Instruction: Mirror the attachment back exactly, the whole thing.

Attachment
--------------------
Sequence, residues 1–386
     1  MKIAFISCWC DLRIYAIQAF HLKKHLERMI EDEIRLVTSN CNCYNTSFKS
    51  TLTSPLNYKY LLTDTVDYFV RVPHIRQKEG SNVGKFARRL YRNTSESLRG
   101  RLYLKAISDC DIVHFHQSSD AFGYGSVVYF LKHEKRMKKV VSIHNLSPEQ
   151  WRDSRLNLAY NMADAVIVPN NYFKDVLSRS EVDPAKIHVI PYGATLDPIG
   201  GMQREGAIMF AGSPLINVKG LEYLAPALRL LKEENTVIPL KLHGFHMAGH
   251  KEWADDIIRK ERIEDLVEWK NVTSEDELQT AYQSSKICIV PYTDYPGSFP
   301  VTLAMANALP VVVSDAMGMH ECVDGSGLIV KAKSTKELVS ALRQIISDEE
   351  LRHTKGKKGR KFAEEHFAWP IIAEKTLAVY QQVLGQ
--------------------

Sequence, residues 1–386
     1  MKIAFISCWC DLRIYAIQAF HLKKHLERMI EDEIRLVTSN CNCYNTSFKS
    51  TLTSPLNYKY LLTDTVDYFV RVPHIRQKEG SNVGKFARRL YRNTSESLRG
   101  RLYLKAISDC DIVHFHQSSD AFGYGSVVYF LKHEKRMKKV VSIHNLSPEQ
   151  WRDSRLNLAY NMADAVIVPN NYFKDVLSRS EVDPAKIHVI PYGATLDPIG
   201  GMQREGAIMF AGSPLINVKG LEYLAPALRL LKEENTVIPL KLHGFHMAGH
   251  KEWADDIIRK ERIEDLVEWK NVTSEDELQT AYQSSKICIV PYTDYPGSFP
   301  VTLAMANALP VVVSDAMGMH ECVDGSGLIV KAKSTKELVS ALRQIISDEE
   351  LRHTKGKKGR KFAEEHFAWP IIAEKTLAVY QQVLGQ